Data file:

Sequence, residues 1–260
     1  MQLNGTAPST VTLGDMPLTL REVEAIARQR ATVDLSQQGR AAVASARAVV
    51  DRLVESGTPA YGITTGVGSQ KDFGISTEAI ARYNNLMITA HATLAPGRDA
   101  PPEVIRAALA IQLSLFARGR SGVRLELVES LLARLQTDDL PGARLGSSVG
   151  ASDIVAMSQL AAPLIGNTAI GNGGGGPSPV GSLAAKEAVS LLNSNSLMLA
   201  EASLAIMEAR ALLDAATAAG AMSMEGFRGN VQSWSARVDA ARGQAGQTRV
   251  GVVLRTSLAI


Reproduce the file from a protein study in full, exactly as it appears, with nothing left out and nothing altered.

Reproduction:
Sequence, residues 1–260
     1  MQLNGTAPST VTLGDMPLTL REVEAIARQR ATVDLSQQGR AAVASARAVV
    51  DRLVESGTPA YGITTGVGSQ KDFGISTEAI ARYNNLMITA HATLAPGRDA
   101  PPEVIRAALA IQLSLFARGR SGVRLELVES LLARLQTDDL PGARLGSSVG
   151  ASDIVAMSQL AAPLIGNTAI GNGGGGPSPV GSLAAKEAVS LLNSNSLMLA
   201  EASLAIMEAR ALLDAATAAG AMSMEGFRGN VQSWSARVDA ARGQAGQTRV
   251  GVVLRTSLAI